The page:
Computational Resources

Analyses were conducted with R (version 3.6.2) (23), including use of the packages survival, rms, coxme, paf, mlr3, mlr3tuning, mlr3proba, xgboost, and mice.

Ethics and Governance

The study was reviewed and approved by the Warwick Biomedical & Scientific Research Ethics Committee (BSREC 119/19-20), and sponsorship for this study was provided by University of Warwick (SOC.28/19-20).

Data and Resource Availability

Data cannot be shared publicly, as it was collected by PHE as part of their statutory responsibilities, which allows them to process patient confidential data without explicit patient consent. Data used in this study were made available through an agreement between the University of Warwick and PHE. Individual requests for access to CHESS data are considered directly by PHE (contact via covid19surv@phe.gov.uk).

Clinical Characteristics

A total of 19,256 patients were included in the primary cohort admitted to HDU (n = 13,809) or ICU (n = 5,447) (Supplementary Flowchart 1 and Supplementary Table 1). Mean age was 67 years, 60.1% of patients were male, 27.0% of patients were of non-White ethnicity, and 18.3% had type 2 diabetes. Supplementary Table 1 shows the overall characteristics of patients in the separate HDU and ICU cohorts. ICU patients were younger and more commonly male and of non-White ethnicity (mean age 58 years, 70.6% male, 37.1% non-White) than HDU-only admitted patients (mean age 70 years, 55.9% male, 23.1% non-White).

In the primary HDU/ICU cohort, patients with type 2 diabetes (n = 3,524 [18.3%]) were of similar age to those without type 2 diabetes (mean 67 vs. 66 years, respectively) and were more commonly recorded as being of non-White ethnicity (41.5% vs. 23.5%) and obese (45.1% vs. 31.4%) (Table 1). All comorbidities were more common in patients with type 2 diabetes.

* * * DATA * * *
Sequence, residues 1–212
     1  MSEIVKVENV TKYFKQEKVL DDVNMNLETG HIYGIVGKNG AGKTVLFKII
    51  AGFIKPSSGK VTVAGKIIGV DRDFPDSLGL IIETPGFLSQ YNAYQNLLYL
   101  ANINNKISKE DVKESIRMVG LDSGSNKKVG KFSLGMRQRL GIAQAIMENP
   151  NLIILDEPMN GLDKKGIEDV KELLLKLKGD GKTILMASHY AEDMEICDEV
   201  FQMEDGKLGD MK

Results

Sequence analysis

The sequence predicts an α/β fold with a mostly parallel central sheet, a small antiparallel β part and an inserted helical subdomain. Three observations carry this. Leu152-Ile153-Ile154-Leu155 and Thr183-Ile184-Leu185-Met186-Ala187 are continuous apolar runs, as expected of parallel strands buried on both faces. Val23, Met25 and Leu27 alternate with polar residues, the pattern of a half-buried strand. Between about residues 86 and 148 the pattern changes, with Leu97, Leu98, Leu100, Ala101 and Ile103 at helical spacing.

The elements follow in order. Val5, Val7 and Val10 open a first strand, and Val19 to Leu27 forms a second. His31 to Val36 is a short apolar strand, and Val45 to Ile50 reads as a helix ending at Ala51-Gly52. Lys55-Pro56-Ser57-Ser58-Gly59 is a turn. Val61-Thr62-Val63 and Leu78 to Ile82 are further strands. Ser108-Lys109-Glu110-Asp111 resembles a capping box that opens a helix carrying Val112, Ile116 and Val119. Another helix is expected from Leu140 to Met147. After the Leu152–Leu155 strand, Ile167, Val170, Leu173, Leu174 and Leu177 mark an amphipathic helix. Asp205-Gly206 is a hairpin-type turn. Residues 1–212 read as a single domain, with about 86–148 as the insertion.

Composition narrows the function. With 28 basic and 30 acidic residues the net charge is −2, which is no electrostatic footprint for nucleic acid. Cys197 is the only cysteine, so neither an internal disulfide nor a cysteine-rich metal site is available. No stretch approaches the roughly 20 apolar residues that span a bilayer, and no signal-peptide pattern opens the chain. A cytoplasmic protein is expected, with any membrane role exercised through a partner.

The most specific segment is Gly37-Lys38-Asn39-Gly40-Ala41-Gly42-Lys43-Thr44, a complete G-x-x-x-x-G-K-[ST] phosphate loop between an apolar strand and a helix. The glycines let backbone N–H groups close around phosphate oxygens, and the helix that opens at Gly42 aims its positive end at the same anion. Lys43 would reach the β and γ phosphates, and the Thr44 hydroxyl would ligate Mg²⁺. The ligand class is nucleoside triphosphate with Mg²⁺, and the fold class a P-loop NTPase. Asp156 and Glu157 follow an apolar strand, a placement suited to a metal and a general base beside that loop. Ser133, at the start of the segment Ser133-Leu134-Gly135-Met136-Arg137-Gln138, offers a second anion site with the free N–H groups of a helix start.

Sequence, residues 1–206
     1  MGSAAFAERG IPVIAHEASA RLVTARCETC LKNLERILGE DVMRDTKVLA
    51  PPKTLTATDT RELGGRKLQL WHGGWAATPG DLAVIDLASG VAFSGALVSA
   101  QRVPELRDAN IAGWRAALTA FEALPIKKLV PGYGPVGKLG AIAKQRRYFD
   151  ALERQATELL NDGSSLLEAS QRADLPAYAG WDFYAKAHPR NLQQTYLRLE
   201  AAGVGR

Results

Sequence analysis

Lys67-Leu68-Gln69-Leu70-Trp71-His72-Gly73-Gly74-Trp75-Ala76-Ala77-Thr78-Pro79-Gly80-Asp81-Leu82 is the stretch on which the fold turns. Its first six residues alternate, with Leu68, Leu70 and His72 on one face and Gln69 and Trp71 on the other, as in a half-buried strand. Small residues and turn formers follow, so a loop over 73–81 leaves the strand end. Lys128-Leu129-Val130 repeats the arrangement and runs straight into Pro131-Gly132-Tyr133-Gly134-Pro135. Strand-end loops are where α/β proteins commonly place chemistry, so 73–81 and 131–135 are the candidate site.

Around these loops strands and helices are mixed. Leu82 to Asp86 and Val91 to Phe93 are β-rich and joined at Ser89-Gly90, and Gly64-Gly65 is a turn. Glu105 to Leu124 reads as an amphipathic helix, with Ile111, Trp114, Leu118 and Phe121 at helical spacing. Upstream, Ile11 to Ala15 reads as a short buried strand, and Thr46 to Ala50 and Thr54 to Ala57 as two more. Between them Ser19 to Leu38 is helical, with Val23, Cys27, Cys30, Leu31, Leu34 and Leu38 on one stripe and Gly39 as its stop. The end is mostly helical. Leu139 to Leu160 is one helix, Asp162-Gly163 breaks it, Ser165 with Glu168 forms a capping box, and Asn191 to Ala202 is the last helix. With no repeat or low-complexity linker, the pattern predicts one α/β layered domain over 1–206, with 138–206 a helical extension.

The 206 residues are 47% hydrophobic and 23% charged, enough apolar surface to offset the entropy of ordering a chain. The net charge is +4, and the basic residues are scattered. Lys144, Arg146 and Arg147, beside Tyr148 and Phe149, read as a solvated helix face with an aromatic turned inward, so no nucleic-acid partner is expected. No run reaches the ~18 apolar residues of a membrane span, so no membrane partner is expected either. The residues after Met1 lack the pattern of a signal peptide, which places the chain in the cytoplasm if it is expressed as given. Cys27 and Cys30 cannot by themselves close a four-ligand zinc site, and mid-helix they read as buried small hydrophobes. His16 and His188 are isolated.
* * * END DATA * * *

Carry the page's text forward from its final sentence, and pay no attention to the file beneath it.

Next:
Table 1

Recorded characteristics of HDU/ICU cohort, by recorded type 2 diabetes status

No type 2 diabetes (n = 15,732)Type 2 diabetes (n = 3,524)
Age (years) 66 (17.4) 67 (14.1) 
Age-group (years)   
 18–24 164 (1.0) 8 (0.2) 
 25–34 612 (3.9) 40 (1.1) 
 35–44 1,010 (6.4) 142 (4.0) 
 45–54 2,039 (13.0) 429 (12.2) 
 55–64 2,814 (17.9) 848 (24.1) 
 65–74 2,978 (18.9) 872 (24.7) 
 75–84 3,334 (21.2) 718 (20.4) 
 ≥85 2,781 (17.7) 467 (13.3) 
Sex   
 Female 6,440 (40.9) 1,243 (35.3) 
 Male 9,292 (59.1) 2,281 (64.7) 
Ethnicity*   
 White 9,624 (76.5) 1,815 (58.5) 
 Asian 1,356 (10.8) 680 (21.9) 
 Black 737 (5.9) 360 (11.6) 
 Mixed 163 (1.3) 48 (1.5) 
 Other 694 (5.5) 201 (6.5) 
Obesity**   
 Nonobese 6,034 (68.6) 1,509 (54.9) 
 Obese 2,764 (31.4) 1,240 (45.1) 
Comorbidity   
 Any comorbidity 6,228 (39.6) 2,945 (83.6) 
 Chronic respiratory disease 1,250 (7.9) 423 (12.0) 
 Asthma 1,200 (7.6) 428 (12.1) 
 Hypertension 3,439 (21.9) 2,218 (62.9) 
 Chronic heart disease 1,828 (11.6) 834 (23.7) 
 Chronic renal disease 996 (6.3) 831 (23.6) 
 Chronic liver disease 252 (1.6) 138 (3.9) 
 Chronic neurological disease 1,098 (7.0) 310 (8.8) 
 Immunosuppressive disease 374 (2.4) 94 (2.7) 
No type 2 diabetes (n = 15,732)Type 2 diabetes (n = 3,524)
Age (years) 66 (17.4) 67 (14.1) 
Age-group (years)   
 18–24 164 (1.0) 8 (0.2) 
 25–34 612 (3.9) 40 (1.1) 
 35–44 1,010 (6.4) 142 (4.0) 
 45–54 2,039 (13.0) 429 (12.2) 
 55–64 2,814 (17.9) 848 (24.1) 
 65–74 2,978 (18.9) 872 (24.7) 
 75–84 3,334 (21.2) 718 (20.4) 
 ≥85 2,781 (17.7) 467 (13.3) 
Sex   
 Female 6,440 (40.9) 1,243 (35.3) 
 Male 9,292 (59.1) 2,281 (64.7) 
Ethnicity*   
 White 9,624 (76.5) 1,815 (58.5) 
 Asian 1,356 (10.8) 680 (21.9) 
 Black 737 (5.9) 360 (11.6) 
 Mixed 163 (1.3) 48 (1.5) 
 Other 694 (5.5) 201 (6.5) 
Obesity**   
 Nonobese 6,034 (68.6) 1,509 (54.9) 
 Obese 2,764 (31.4) 1,240 (45.1) 
Comorbidity   
 Any comorbidity 6,228 (39.6) 2,945 (83.6) 
 Chronic respiratory disease 1,250 (7.9) 423 (12.0) 
 Asthma 1,200 (7.6) 428 (12.1) 
 Hypertension 3,439 (21.9) 2,218 (62.9) 
 Chronic heart disease 1,828 (11.6) 834 (23.7) 
 Chronic renal disease 996 (6.3) 831 (23.6) 
 Chronic liver disease 252 (1.6) 138 (3.9) 
 Chronic neurological disease 1,098 (7.0) 310 (8.8) 
 Immunosuppressive disease 374 (2.4) 94 (2.7) 

Data are N (%), except for Age (years), which is mean (SD). *Ethnicity not recorded for 3,578 patients.

**

Obesity not recorded for 7,709 patients.

Type 2 Diabetes Is an Independent Prognostic Factor for Mortality in Severe COVID-19

A total of 5,077 (26.4%) patients in the primary HDU/ICU cohort died within the 30-day study period. Mean (SD) follow-up was 21.2 (10.9) days in people with type 2 diabetes and 21.2 (19.4) days in those without.